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2005 Toyota Prius review: 2005 Toyota Prius

More than a hybrid that saves on gas and lowers pollution, the 2005 Toyota Prius makes it easy to be green because you won't have to change the way you drive or mortgage the house to afford it. See if it fits into your garage and lifestyle.

Brian Nadel
7 min read

2005 Toyota Prius
In the expanding fleet of hybrid cars, the 2005 Toyota Prius finds the best balance of ecofriendliness and practicality to leave the rest of the competition in the dust. Its advanced technology works seamlessly under the hood, making the Prius as sensible as it is economical. Moreover, it satisfies car nuts and tree huggers alike with its lively acceleration, its great fuel economy, and its nearly silent operation, although it hits a few speed bumps: a second-rate stereo, limited driver visibility, and annoying rattles. At a base price of $20,875, the Prius is on a par with Honda's less ambitious Civic Hybrid, but with the option package, our gussied-up test model goes for $26,641. In spite of its quirks, the Prius is a marvel of engineering that effortlessly delivers superior gas mileage without sacrificing comfort or reasonable performance to make it the best hybrid on the road today.


2005 Toyota Prius

The Good

Smooth power transfer; Bluetooth and GPS navigation options; excellent gas mileage; black-box crash recorder.

The Bad

Driver blind spots; weak entertainment electronics; rattles; digital instruments too far from driver.

The Bottom Line

Thanks to a seamless and sophisticated power system, the 2005 Toyota Prius delivers excellent gas mileage and comfort, making it the best hybrid on the road today.

Thanks to a sophisticated drive-by-wire system that connects the gas pedal to a computer to control the two power plants (gas and electric) and variable transmission, the front-wheel-drive Prius stretches a gallon of gas without compromises. Together, the side-by-side gas and electric power plants deliver 110 horsepower that's as smooth and quiet as a purring sewing machine. (Find out more about how hybrid cars work in CNET's hybrid buying guide.) For pulling away from a stop sign, the motor taps into the 500-volt battery pack for pure electric energy. It then switches to the 1.5-liter gasoline engine when needed and uses a combination of fuel and electric power for quick maneuvers. While the electric-to-gas transition generally occurs at about 15mph, if you're careful, you can push it to 35mph. You can watch all the action from the control screen that displays an animated power-flow diagram, which has the look and addictive quality of a video game. But whether you're cruising uphill, downhill, or on a flat road, the computer sees to it that the car has lively acceleration and the battery gets charged through the regenerative braking system.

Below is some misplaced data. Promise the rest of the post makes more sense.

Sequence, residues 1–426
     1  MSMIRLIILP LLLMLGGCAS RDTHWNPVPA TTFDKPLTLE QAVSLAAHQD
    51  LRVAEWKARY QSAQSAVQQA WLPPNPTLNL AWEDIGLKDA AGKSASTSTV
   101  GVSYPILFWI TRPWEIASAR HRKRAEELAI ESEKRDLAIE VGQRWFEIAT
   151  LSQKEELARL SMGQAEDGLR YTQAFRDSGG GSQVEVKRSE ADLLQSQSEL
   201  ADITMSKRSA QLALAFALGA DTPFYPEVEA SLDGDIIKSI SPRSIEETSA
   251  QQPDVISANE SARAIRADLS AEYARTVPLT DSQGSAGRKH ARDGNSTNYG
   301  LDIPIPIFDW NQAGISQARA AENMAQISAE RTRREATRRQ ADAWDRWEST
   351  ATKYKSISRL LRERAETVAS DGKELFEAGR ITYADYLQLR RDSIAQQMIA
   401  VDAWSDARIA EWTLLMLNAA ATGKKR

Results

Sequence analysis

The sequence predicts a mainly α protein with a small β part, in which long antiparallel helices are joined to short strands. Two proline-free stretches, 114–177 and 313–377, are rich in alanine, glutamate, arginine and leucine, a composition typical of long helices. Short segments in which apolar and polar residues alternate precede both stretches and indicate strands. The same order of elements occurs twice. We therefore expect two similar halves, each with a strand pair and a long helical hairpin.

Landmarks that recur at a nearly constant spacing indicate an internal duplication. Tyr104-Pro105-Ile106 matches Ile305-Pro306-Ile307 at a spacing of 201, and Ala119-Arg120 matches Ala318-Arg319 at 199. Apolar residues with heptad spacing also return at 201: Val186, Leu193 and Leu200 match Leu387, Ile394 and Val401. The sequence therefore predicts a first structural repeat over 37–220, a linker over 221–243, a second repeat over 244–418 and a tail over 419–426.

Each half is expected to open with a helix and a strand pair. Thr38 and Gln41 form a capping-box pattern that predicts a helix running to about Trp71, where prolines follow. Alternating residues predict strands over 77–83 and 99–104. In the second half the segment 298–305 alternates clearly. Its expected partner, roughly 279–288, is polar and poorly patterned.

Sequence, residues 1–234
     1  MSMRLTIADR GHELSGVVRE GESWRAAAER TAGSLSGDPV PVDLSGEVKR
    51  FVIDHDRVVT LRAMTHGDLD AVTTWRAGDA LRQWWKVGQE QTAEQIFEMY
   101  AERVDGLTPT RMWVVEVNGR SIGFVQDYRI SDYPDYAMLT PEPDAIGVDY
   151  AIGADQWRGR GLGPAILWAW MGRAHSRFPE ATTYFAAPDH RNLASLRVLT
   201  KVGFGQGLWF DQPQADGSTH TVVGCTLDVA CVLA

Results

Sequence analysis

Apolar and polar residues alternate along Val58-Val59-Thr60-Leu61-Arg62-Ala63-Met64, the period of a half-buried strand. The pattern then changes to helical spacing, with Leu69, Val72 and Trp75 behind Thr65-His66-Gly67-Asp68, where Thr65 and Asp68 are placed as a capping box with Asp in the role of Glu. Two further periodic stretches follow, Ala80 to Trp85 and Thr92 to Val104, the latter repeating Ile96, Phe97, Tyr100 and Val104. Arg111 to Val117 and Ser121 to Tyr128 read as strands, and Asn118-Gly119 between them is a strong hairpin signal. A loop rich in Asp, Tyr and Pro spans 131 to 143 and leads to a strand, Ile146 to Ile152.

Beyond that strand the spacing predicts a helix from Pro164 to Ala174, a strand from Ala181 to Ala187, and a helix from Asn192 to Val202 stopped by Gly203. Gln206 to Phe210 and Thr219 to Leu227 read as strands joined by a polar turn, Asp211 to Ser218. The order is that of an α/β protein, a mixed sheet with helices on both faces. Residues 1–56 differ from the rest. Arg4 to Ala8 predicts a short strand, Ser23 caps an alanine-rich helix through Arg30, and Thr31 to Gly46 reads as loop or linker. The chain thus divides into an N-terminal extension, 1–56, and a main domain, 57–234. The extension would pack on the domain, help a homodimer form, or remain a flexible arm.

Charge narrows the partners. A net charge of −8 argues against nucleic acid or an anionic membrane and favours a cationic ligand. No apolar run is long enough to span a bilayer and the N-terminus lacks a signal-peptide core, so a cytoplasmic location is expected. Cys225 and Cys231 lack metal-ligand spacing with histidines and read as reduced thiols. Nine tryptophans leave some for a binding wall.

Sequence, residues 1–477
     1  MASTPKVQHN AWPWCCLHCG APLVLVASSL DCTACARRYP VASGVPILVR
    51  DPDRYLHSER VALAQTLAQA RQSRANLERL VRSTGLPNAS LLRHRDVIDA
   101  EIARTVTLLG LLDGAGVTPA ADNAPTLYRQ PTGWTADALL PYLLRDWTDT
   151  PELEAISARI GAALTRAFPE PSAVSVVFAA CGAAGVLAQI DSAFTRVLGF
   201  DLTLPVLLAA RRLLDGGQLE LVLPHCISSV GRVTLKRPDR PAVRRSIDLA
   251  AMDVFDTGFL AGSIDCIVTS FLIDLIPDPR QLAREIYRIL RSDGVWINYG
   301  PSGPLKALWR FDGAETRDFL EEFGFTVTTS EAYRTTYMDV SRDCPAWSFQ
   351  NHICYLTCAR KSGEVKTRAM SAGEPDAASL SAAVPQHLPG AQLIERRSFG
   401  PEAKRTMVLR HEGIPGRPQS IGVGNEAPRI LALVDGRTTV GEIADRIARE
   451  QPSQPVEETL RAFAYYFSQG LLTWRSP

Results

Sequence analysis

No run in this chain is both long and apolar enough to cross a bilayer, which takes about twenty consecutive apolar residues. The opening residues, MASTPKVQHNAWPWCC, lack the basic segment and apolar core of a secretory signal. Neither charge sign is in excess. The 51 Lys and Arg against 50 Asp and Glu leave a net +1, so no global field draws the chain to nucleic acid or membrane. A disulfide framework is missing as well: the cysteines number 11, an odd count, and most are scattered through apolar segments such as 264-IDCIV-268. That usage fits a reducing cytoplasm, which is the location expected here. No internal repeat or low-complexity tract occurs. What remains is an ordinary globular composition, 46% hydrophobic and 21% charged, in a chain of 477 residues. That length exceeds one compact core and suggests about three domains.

Nearly silent in its idle state, the Prius goes from 0 to 60mph in 10.3 seconds, a suitable number for an economy car but hardly high performance. Still, that's 1.8 seconds faster than Honda's electrically assisted Civic Hybrid. On the other hand, the drivetrain is short on midrange torque, taking 7 seconds to go from 30mph to 50mph and making for a little on-ramp performance anxiety. With MacPherson strut front and torsion bar rear suspension, the Prius handles well, but you'll feel every bump in the cabin. This car calmly cruises at 60mph and stops in a reasonable 152 feet, although the brake pedal feels soft. The car has other quirks, too, such as the circular dashboard power button that starts the car and the toggle-switch gear lever (see picture below). And as with most hybrids, the engine shuts itself off about a second after stopping at a light--unnerving for those who haven't experience it. Fear not, the gas engine automatically restarts when needed, and the silent operation is actually a sign that you're saving fuel. Despite all these oddities, economy is the Prius's raison d'être, and its gas mileage of 45.8 miles to the gallon is welcome news as nationwide fuel prices hit more than $2.50 per gallon. A tank of gas will take the Prius more than 500 miles.

Shifting gears: the Toyota Prius features a quirky toggle-switch gear lever that operates like a switch.

Make no mistake--the Prius is no cramped econobox. Weighing in at 2,980 pounds, the low, sleek hatchback is a midsize car that has a lot of headroom, can seat four comfortably, and has enough space for a run to the discount warehouse. In addition, the folding rear seats (60/40 split) yield room for skis, a bicycle, or seven-foot-long lumber. Unfortunately, the cloth seats don't provide enough lower back support, and the car suffers from annoying rattles. And to achieve the Prius's enviable aerodynamics, Toyota engineers had to severely rake the windshield, creating a shape that's a conversation starter at the gas pump, but the huge dashboard is big enough for a child to sleep on, and the wiper blades barely reach the driver's eye level. Another complaint: rather than placing the digital instruments close to the driver, they sit at the base of the windshield, and the car's wide front pillar creates a large blind spot on the driver's left that makes for anxious moments; the view behind is obstructed by the split rear window.